A second Prime sale shows Amazon is nervous about the economy too

Hugo Martín, Los Angeles Times on

Published in Business News

Holiday bargain shopping is starting extra early this year. And that could be good news for shoppers, even if it signals slightly worrisome things for the economy.

E-commerce giant Amazon announced plans Monday for "a new two-day global shopping event" exclusive to members of its Prime loyalty program. Dubbed Prime Early Access Sale, the promotion is similar to Prime Day, the annual sale held in July to generate a bonanza of orders and new subscribers.

Rival retail giants Wal-Mart and Target have already signaled plans to kick off holiday sales earlier than ever, setting the stage for a long holiday shopping season with significant discounts. With warehouses and store shelves suddenly full of inventory after two years of supply chain disruptions, deals will be easier to come by than they have since the start of the COVID-19 pandemic, say retail experts.

"It is absolutely good news for consumers," said Mark Mathews, vice president for research, development and industry analysis for the National Retail Federation, a trade group for the nation's retailers. "Now all of a sudden we are almost back to pre-pandemic times when you have too much of this, too much of that so you have to discount."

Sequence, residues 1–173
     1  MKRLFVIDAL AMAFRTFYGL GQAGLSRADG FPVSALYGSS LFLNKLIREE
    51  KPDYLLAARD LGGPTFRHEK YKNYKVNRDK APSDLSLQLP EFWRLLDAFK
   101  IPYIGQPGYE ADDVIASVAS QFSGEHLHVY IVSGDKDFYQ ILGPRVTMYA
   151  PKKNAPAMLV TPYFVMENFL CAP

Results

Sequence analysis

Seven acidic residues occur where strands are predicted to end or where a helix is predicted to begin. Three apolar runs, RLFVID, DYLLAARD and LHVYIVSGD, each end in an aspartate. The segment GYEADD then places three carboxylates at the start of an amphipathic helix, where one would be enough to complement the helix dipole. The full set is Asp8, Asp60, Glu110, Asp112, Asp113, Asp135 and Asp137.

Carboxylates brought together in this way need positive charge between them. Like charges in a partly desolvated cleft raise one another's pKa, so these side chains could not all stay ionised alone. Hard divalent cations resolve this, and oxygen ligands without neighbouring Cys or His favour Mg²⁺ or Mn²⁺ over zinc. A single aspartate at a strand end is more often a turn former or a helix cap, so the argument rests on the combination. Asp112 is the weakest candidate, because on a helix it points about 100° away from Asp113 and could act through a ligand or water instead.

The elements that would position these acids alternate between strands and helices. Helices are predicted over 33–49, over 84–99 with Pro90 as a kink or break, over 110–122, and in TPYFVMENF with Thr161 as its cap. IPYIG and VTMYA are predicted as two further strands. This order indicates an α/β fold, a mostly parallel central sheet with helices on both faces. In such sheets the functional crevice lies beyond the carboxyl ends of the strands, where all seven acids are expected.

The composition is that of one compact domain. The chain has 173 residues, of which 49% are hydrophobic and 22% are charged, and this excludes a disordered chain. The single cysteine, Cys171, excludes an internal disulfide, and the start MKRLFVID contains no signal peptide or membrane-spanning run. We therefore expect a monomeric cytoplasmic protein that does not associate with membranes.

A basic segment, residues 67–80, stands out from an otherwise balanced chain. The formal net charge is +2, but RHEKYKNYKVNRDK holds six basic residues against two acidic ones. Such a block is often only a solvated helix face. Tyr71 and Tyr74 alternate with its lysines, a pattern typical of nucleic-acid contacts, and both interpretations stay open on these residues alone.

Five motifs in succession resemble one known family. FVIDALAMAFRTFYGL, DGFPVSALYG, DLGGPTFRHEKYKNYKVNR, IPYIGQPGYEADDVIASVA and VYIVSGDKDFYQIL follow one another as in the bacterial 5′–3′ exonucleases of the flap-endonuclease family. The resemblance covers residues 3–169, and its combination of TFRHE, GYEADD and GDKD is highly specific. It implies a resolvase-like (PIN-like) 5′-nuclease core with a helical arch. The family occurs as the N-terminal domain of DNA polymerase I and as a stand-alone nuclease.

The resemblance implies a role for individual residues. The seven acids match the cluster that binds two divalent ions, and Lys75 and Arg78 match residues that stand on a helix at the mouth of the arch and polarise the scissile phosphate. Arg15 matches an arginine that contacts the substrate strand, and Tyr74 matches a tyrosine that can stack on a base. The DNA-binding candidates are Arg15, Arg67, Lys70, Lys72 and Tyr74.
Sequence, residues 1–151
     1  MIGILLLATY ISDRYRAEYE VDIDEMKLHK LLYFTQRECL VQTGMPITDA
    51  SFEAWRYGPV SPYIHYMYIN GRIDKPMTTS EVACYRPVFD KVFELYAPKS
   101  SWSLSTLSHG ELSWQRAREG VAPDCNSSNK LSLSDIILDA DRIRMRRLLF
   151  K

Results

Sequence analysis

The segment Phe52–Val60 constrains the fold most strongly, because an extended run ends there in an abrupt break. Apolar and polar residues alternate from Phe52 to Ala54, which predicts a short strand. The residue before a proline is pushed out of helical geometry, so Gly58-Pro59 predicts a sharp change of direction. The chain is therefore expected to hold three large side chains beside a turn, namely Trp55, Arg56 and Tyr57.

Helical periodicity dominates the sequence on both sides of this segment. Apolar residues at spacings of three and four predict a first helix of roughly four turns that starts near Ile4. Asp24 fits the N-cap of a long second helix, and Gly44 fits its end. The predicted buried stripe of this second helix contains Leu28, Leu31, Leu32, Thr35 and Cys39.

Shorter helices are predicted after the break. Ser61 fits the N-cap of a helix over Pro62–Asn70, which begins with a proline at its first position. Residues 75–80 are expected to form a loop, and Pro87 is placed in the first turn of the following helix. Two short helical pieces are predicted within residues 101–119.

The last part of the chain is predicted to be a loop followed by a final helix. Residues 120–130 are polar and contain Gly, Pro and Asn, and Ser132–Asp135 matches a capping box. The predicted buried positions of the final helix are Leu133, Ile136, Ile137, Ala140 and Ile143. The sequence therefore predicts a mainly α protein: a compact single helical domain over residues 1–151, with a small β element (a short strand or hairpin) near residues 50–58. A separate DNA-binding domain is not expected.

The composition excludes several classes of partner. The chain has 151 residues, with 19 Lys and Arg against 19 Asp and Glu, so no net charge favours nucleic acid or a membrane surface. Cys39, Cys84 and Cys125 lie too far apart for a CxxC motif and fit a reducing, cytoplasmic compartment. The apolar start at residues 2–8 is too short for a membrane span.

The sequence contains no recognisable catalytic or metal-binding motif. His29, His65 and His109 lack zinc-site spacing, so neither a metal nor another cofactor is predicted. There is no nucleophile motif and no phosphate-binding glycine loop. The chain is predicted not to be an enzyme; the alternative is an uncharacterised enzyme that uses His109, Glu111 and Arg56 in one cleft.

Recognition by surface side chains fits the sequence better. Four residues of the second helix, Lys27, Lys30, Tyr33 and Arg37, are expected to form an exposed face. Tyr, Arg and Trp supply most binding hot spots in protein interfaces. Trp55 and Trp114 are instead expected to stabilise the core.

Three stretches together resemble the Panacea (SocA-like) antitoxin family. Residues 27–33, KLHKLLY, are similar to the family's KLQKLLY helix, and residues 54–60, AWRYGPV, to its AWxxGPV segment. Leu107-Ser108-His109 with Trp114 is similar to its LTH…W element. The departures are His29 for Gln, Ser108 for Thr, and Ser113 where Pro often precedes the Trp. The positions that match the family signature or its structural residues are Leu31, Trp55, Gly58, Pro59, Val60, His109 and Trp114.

Amazon's bonus sales event may be a sign that retailers are concerned that Americans will keep a tight grip on their wallets this holiday season because of fears over inflation, rising interest rates and predictions of an oncoming recession.

An Amazon spokesperson said that the company — with annual sales of more than $470 billion last year — added the second online sale to help overcome such worries.


"In light of inflation and economic head winds, we want to help members save throughout the season," said Amazon spokesperson Deanna Zawilinski.

Amazon's Early Access Sale runs from Oct. 11 at 12 a.m. PDT through Oct. 12 in 15 countries, including the U.S., Canada, China, France and Germany.

Amazon started Prime Day in 2015 to attract new subscribers, who now pay $139 a year for shipping discounts, video streaming and other perks. But this is the first year that Amazon has added a second deal "holiday" in the same year.

"Amazon is trying to cover its bases and trying to capture the bulk of the holiday spending," said Venkatesh Shankar, a marketing professor at Texas A&M University.


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